Women, Wisdom and Wealth: Is your financial plan looking too normal?

“If we had no winter, the spring would not be so pleasant;

if we did not sometimes taste adversity,

prosperity would not be so welcome.”

Anne Bradstreet, Early American poet.

In connection with the referenced quote from Anne Bradstreet, I’d be willing to say that many of us are ready for both prosperity and more traditional Florida weather. We’ve experienced unprecedented behavior in the financial markets and our customarily predictable and pleasant Florida weather has been unusual, as well.

I won’t go as far as saying that we’re experiencing a “new normal” with our weather, because the professionals say that this is attributed to an El Niño cycle. But we have been through a remarkable time in the investment world and could very well be looking at a new normal.

The new normal implies that leverage is out and liquidity is in. Logically leverage and debt were never sought-after ideals, but rather means to obtaining an end. Leverage provides increased consumption, but without increased revenue or new sources of funds it may bring about unpleasant results.

On Wall Street, there are three kinds of animals; bulls, bears and pigs. In contradiction to Gordon Gecko (“Greed is good”) it’s said that pigs get slaughtered. Now we have to watch out for a new breed of pigs, the PIIGS (Portugal, Ireland, Italy, Greece and Spain) and their combined international budgetary woes.

Over the years, I’ve learned that the only thing I have control over is myself. Most of the time, I’m smart enough to remember that I’m basically powerless over other people, places and things, so it follows that my focus should stay on something that I do have control over, such as my own financial plan.

You may have spent weeks or months crafting your own financial plan, and it may have served you well as you worked to realize your financial goals, but beware a common trap that snares some investors. Your plan isn’t sacred. It’s a living document, sure to be in need of adjustment and redirection every so often. When the weather changes, we adapt our choice in clothing; the same concept applies to your investments.

Your plan’s mission is to act as a kind of interactive road map to financial success – not as a straitjacket to confine you to inaction. You can and should make changes if you believe they’re warranted or if your goals have changed. Before you decide to make them, however, you’ll need to evaluate your plan to determine how it stacks up against the 2010 financial markets and how well it reflects your evolving financial goals.

Realistic or fantasy?

When reassessing your plan, make sure you’re being realistic about your goals and your ability to meet them. Does your current financial status coincide with what you expected it to be? If it’s better, should you be investing more for your future? Or, do certain aspects of your plan relate more to earlier fantasy than reality and now need to be brought into focus? Ask yourself whether your plan is on track to achieve what you intend – and stay grounded as you make the assessment.

Reasonable change

Even if your savings rates and goals turn out to be satisfactory, continue your assessment to include your lifestyle changes and requirements. Is your tolerance for risk – for the markets generally and for your portfolio’s holdings in particular – at the same level it was before the market turmoil of the past two years?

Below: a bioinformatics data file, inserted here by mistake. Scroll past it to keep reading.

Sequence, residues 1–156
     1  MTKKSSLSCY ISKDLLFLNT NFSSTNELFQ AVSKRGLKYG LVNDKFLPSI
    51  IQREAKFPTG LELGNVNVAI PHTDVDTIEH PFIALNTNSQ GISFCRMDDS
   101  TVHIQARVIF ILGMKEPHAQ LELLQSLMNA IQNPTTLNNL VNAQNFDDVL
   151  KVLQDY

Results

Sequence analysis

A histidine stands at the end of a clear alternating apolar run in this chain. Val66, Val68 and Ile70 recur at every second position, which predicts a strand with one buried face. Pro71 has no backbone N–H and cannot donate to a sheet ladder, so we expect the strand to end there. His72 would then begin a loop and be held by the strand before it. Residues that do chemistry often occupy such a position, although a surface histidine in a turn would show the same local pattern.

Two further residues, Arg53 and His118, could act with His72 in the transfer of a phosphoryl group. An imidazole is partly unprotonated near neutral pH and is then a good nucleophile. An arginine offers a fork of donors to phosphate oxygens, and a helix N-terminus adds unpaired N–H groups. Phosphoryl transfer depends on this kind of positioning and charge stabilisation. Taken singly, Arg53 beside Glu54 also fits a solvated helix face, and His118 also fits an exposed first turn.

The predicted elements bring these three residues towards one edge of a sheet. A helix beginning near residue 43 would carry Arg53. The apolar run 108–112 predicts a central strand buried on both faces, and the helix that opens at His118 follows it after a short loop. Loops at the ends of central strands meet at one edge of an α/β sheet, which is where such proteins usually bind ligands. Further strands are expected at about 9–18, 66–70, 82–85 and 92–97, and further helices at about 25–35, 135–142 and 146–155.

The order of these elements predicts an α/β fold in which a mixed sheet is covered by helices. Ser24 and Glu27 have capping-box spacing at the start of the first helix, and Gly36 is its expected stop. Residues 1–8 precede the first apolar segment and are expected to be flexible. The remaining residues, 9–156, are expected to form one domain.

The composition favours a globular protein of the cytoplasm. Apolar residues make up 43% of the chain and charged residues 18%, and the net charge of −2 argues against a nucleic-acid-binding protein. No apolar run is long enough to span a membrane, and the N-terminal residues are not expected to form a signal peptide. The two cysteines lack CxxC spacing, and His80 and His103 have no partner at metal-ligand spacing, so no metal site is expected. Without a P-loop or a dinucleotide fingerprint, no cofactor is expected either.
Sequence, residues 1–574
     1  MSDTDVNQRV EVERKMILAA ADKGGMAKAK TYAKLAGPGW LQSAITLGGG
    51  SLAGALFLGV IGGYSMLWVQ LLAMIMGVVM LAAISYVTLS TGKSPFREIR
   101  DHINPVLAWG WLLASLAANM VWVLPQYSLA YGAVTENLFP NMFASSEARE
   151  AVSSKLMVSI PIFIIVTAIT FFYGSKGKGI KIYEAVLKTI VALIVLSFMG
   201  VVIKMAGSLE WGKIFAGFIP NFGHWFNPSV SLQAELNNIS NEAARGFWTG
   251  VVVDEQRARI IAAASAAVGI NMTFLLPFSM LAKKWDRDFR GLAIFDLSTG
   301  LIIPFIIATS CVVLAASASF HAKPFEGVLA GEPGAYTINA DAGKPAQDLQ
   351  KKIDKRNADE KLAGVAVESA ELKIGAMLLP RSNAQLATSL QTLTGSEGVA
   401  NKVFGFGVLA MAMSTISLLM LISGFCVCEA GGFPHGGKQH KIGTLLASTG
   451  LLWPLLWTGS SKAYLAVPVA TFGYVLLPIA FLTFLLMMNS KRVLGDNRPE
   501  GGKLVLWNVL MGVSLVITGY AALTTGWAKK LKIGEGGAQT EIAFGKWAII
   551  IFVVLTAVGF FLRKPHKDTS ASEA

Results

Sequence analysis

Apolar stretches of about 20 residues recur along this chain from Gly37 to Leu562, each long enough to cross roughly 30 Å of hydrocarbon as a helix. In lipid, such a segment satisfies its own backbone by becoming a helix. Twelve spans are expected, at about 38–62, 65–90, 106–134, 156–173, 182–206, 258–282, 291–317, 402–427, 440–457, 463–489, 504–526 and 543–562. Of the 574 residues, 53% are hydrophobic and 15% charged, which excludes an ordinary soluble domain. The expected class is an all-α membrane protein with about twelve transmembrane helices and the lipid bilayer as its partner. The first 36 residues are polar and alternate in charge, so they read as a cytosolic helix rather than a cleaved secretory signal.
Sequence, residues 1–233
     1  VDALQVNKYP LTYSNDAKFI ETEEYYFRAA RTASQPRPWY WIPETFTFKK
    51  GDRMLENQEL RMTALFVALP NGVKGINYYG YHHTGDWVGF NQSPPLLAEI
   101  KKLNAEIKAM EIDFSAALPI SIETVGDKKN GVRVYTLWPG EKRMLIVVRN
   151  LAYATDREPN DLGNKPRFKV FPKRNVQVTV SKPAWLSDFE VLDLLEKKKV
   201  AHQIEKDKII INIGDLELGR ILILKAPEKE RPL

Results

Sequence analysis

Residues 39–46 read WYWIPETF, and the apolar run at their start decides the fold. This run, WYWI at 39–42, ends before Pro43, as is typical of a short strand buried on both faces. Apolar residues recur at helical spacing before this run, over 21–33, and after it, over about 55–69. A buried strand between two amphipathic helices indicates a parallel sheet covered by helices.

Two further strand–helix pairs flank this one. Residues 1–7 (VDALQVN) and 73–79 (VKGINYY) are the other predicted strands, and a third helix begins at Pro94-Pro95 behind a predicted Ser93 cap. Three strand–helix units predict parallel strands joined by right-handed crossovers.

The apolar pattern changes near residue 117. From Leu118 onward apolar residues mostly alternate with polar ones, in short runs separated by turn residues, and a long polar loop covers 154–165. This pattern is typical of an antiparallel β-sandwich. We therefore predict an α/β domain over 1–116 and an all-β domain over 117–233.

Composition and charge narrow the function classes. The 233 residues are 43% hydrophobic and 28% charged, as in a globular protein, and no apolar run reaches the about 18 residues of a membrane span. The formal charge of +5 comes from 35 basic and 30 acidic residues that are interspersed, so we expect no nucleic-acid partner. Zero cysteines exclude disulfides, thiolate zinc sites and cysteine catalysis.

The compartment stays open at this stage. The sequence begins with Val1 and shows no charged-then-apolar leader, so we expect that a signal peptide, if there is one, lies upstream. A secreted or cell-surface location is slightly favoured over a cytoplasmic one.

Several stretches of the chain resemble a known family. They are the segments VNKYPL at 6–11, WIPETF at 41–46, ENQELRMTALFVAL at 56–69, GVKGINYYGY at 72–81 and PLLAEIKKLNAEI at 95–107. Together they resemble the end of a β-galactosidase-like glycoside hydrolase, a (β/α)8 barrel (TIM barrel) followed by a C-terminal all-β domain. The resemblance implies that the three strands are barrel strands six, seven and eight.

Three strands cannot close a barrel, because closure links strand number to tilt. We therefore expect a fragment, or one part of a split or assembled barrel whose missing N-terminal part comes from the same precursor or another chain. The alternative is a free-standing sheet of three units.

If not, what changes should you make that would allow you to sleep better? Be aware that there is no such thing as risk-free investing – inflation probably will see to it that the $1,000 in cash you bury in a vault in the back garden will be worth less in a year or two. Investments offer varying degrees of risk.

Be sure you know what your holdings are and how risky they may be, and then make whatever changes are needed for you to achieve your comfort level, which may be different from what it was a few years ago. You may need to diversify differently, adjust your asset allocation or, within those assets, diversify differently.

There are many areas to assess, including your level of debt and types of debt. Are you carrying the type of debt that acts like an albatross on your financial plan? Does your plan provide for enough readily available cash for immediate needs?

Your plan was established as an asset to be watched over and shepherded along as you live your life. It will serve you best if you keep it elastic and changeable. Treat it as untouchable and it could turn into a trap, more likely to impede your financial success than to enhance it.

Over the past several years, investors have been examining the relationship with their assets. And since we’re speaking of relationships, Have a Happy Valentines Day!

Monday, Feb. 15 is Presidents’ Day and U.S. financial markets will generally be inactive. Without the distractions of the noise and news, a less hectic day like tomorrow presents an ideal opportunity to thoughtfully and quietly review investment strategies, asset allocation adjustments and other general big picture financial planning matters. Or, you could just go shopping at the Presidents’ Day sales!

Darcie Guerin, financial advisor and branch manager, Raymond James & Associates, Inc. 606 Bald Eagle Drive, Suite 401, Marco Island, FL 34145, provides this article. Gulfshore Life magazine named Guerin as one of the Best Personal Wealth Managers in the Southwest Florida area for 2009. If you have questions, e-mail her at Darcie.Guerin@RaymondJames.com or call 389-1041, toll free (866) 343-0882 or visit RaymondJames.com/Darcie. Past performance may not be indicative of future results.

© 2010 marconews.com. All rights reserved. This material may not be published, broadcast, rewritten or redistributed.

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